How FCC Feed Hydrotreating Affects FCC Yields And Economics
The following paragraphs show an example of the effects of hydrotreating ANS VGO on a typical FCC operation. The focus of the discussion is to compare FCC feed hydrotreating with FCC product treating as competing options for making low sulfur gasoline and diesel fuels.
Table 1 presents the properties of virgin ANS VGO and compares them with the properties of the VGO after severe hydrotreating (95% desulfurization). Hydrotreating increases the API gravity of the VGO by about 5.5 numbers, increases the aniline point by 10°F, lowers the nitrogen level by about 50% and lowers the VABP by 24°F. The VABP reduction is the result of a small amount of hydrocracking that occurs in the hydrotreater.
Table 1: Impact Of Hydrotreating on ANS VGO Properties
Table 2 summarizes the effects of hydrotreating the feed on the FCC operation. The FCC unit was air rate limited. The results show that FCC feed hydrotreating increases conversion by over 10 volume percent while decreasing the yield of dry gas and substantially lowering delta coke. Because of the improvement in delta coke, the riser temperature could be increased and the feed temperature could be decreased slightly without increasing the coke yield or the air rate. These adjustments helped to increase the gasoline octane (R+M)/2 by 0.65 numbers versus the base case. The FCC gasoline sulfur was reduced to 20 ppm so that it could be successfully blended directly into a gasoline pool that requires a maximum of 30 ppm sulfur.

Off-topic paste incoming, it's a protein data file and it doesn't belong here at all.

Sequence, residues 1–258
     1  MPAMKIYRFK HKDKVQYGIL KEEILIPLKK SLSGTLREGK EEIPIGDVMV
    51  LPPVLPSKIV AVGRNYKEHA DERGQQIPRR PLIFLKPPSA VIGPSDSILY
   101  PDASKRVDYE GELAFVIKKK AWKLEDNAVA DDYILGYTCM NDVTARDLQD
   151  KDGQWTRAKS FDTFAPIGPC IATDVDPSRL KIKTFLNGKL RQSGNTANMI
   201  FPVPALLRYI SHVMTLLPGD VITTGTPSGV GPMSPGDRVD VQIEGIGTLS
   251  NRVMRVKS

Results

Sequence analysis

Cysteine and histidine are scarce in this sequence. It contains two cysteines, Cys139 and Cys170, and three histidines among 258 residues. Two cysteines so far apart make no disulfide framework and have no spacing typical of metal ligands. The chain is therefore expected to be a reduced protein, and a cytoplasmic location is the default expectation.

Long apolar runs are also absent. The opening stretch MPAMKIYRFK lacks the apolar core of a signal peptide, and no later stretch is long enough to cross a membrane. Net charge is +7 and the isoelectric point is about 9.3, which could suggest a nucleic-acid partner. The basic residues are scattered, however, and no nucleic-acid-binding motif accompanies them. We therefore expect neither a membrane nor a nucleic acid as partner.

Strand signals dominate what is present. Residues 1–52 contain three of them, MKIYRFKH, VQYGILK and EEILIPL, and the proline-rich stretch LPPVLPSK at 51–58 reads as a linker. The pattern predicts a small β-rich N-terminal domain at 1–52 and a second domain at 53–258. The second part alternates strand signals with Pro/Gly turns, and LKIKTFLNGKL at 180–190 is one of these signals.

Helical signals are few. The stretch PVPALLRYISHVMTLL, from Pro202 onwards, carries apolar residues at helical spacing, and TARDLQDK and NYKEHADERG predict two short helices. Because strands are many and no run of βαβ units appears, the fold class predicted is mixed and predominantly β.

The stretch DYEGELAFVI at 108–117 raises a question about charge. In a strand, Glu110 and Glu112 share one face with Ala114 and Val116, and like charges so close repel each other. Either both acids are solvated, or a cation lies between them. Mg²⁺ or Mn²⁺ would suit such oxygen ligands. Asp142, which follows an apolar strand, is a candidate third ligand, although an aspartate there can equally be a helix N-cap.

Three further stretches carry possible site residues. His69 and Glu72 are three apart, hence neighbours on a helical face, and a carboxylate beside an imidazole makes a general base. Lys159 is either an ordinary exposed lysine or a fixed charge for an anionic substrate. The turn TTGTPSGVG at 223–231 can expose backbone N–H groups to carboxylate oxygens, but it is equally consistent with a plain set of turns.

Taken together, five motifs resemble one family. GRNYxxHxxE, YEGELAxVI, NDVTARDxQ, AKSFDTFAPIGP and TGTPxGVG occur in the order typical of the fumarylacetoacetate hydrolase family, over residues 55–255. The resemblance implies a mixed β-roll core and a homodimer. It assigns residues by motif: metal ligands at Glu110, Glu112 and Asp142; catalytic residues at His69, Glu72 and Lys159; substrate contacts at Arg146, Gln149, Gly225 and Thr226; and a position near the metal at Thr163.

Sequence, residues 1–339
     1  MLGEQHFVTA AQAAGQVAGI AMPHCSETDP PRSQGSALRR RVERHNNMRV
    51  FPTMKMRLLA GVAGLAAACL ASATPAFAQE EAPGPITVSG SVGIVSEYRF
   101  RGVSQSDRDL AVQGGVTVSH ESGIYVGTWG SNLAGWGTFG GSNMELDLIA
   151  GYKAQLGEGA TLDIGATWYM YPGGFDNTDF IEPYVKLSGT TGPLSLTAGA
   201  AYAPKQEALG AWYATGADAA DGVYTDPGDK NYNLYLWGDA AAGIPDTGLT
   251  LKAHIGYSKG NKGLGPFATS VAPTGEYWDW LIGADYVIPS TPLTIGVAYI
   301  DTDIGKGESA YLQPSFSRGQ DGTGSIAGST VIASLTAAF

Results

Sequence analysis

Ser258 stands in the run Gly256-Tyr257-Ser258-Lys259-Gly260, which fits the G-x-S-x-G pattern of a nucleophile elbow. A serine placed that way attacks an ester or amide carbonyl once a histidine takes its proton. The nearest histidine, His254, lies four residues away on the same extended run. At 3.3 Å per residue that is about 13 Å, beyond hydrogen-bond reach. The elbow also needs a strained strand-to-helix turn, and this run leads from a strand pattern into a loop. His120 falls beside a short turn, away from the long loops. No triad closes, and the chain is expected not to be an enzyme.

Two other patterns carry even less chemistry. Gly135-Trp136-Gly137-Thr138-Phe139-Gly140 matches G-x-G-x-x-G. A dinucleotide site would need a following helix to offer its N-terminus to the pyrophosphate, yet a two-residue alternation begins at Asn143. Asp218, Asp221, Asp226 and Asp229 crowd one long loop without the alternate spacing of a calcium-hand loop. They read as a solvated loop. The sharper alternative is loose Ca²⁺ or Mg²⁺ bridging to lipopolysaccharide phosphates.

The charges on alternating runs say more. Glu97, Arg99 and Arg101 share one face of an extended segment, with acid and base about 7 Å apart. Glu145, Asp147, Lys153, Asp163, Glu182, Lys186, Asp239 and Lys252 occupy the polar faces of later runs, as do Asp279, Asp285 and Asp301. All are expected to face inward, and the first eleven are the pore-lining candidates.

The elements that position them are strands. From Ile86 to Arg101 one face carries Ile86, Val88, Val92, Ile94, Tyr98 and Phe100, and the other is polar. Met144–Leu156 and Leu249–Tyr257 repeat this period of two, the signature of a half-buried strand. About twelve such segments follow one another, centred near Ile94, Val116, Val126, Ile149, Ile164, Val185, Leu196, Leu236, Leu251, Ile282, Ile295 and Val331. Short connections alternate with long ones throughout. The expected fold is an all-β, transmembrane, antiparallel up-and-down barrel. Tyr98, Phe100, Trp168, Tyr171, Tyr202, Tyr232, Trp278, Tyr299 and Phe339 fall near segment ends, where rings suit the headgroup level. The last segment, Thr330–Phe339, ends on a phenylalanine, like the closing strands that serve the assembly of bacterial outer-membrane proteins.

TABLE 2: Hydrotreating Effects on FCC Performance with ANS VGO
Since the LCO sulfur from the hydrotreated feed operation is substantially lower than the base case LCO sulfur, the cost of making ultra low sulfur diesel will be lower. Also, FCC feed hydrotreating greatly reduces the level of SOx from the FCC regenerator, eliminating the need for the use of SOx reduction agents or the operation of a flue gas scrubber.
With all of the advantages for FCC feed hydrotreating, it might appear obvious that this would be the best choice to make low sulfur products. However, due to the lower capital cost of product treating, many refiners have chosen this option. Nevertheless, current economics have made FCC feed hydrotreating more attractive relative to product treating. This is shown in Table 3, which compares a product treating case with FCC feed hydrotreating for ANS VGO. Using the yields from Table 2, the feed treating case shows a $5.44/bbl advantage in FCC product value.
TABLE 3: Economics of Hydrotreating ANS VGO
BPD moderate pressure FCC feed hydrotreater, would be about $270 MM, leading to a payback period of about 1.97 years. The conclusion is that, in the long run, refiners will profit from installing FCC feed hydrotreaters. For refiners who have not already been required to install product treaters and flue gas scrubbers (for SOx reduction), the relative attractiveness of feed hydrotreating is even greater. For more discussion on these and other related topics, the reader may be interested in the following upcoming technical seminars from Refining Process Services:
Fluid Catalytic Cracking Process Technology Sept. 17, 18, 19
FCC Unit Troubleshooting Sept. 20, 21
Hydrotreating & Hydrocracking Process Technology Oct. 3, 4, 5
These programs (along with 11 others on various refining topics) will be offered at the Crowne Plaza Houston North Greenspoint Hotel. More information is available at www.petroleumrefining.com.
Posted By: Robert J. Campagna, Refining Process Services, Inc.